Computer classes bring generations together

July 20, 1994|By Dan Thanh Dang | Dan Thanh Dang,Sun Staff Writer

As Philip Ward spelled out "ANTS ARE ATTACKING" for his 6-year-old grandson, he spread his hands out to reveal rough, calloused palms and permanently grease-stained fingers.

"I never even touched a key before this with these hands," said Mr. Ward, 70, a retired auto mechanic who was helping Christopher write a story on the computer with pictures -- a story about an army of giant ants.

"This is the first time I've ever gotten this close to a computer," he said. "I never had to deal with them before in my line of work. This is so educational."

Mr. Ward and his two grandsons were among 100 children and adults at an eight-day Family Computer Camp at Halethorpe Elementary School.

Unlike most computer camps, which are strictly for kids, this one asked youngsters to bring an adult to learn about computers free of charge.

With a $2,000 allocation from the Board of Education, principal Don Gourley decided to create a fun program that would bridge the computer generation gap and teach children and their parents or grandparents how to work with programs that make things such as banners, posters, cards and address labels.

"I think a lot of people, regardless of age, are very reticent of doing anything with computers," Mr. Gourley said.

"You know it's inevitable in anything. In this day and age, you have to be somewhat computer literate. With this camp, they see that it's not as forbidding as it seems to use computers," he said.

Besides learning how to use the computers, participants are also field-testing programs that the school might purchase in the future, Mr. Gourley said.

The camp's three teachers -- Sandra Neuhauser, Carol Baker and Earlyn Stance -- are also preparing lesson plans for the new school year with computers in mind, he said.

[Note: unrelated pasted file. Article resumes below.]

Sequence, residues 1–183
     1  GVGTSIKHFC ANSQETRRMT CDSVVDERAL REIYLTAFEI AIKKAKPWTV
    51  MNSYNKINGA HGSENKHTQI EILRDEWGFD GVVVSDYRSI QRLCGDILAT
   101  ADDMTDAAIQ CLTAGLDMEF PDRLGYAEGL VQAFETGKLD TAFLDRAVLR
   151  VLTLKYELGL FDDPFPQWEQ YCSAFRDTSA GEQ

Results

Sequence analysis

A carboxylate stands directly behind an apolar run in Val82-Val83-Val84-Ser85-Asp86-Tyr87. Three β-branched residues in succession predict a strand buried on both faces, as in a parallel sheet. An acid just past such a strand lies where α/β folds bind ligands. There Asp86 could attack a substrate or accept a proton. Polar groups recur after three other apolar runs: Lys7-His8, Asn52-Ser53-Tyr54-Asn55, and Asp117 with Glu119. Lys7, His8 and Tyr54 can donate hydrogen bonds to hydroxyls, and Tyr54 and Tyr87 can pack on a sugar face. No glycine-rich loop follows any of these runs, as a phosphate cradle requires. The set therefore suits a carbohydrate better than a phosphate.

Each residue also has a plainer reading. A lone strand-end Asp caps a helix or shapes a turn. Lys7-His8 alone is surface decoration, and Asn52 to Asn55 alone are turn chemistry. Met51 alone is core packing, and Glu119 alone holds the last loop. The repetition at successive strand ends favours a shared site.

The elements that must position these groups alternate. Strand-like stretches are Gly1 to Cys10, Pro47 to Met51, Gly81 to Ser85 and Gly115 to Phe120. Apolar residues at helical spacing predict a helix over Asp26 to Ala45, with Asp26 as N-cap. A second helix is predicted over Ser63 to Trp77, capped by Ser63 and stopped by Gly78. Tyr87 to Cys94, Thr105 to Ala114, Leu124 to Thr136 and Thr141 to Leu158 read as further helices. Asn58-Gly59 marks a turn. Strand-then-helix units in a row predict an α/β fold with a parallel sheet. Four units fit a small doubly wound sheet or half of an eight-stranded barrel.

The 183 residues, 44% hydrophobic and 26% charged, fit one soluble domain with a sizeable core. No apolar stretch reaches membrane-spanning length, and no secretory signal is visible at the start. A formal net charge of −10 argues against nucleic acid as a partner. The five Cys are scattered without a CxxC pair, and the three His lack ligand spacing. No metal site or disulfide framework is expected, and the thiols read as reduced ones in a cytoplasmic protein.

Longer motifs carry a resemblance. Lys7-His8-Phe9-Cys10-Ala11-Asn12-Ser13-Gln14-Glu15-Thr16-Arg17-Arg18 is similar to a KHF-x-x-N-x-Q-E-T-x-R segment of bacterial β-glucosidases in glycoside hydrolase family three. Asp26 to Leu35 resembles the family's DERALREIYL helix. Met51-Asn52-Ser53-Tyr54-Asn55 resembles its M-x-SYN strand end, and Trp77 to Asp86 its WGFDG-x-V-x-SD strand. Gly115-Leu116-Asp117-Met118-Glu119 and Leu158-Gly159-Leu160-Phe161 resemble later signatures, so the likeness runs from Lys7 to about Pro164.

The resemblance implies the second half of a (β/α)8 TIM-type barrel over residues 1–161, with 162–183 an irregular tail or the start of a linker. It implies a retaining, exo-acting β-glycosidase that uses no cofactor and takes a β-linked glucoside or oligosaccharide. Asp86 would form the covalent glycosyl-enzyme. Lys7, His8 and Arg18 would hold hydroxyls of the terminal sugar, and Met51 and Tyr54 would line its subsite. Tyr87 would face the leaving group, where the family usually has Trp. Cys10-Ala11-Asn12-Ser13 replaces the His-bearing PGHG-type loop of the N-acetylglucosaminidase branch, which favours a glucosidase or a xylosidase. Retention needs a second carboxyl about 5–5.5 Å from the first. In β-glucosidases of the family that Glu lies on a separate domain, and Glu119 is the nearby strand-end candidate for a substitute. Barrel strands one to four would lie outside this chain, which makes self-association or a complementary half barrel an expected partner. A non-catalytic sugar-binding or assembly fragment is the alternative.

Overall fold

"The three teachers have come back to me and told me how amazed they were about everything they've learned so far," he ** said.

"It's just a great program. If we have the funding for it and we can work it out, we'd love to do this again next year," he added.

That's what Arbutus resident Alverta Bartlett was hoping. She's no longer afraid of computers.

"My son wanted me to get on his [computer], but I was afraid to use it because I didn't want to ruin it. He has his business stuff on it," said Ms. Bartlett, who agreed to break the ice by accompanying her two grandsons, Scott and Raymond, to the camp.

"This is the first time I've ever touched a computer," she said, as she worked on a "Halethorpe" banner.

She proudly showed off address labels she made for herself and banners she made for her son's business.

"But my grandsons are really good at this," she said.

Like many of the children who attended the camp, Ms. Bartlett's grandsons were already familiar with computers.

Seven-year-old Scott was busy spelling "Baltimore Orioles" for his banner while 9-year-old Raymond was writing a story.

BMany of the adults said they felt it was an exciting and educating experience.

That was especially true for Mr. Ward.

When he started, he'd never touched a computer. Now he's thinking about buying one.

"I learned how to type, print, make banners, and I even did some arithmetic one day," Mr. Ward said. "I am amazed. I've seen people do amazing things on computers.

"I'm thinking of getting one for myself for writing letters, paying the bills and things like that," he said. "It's great. This program is great. I've learned a lot from these kids."

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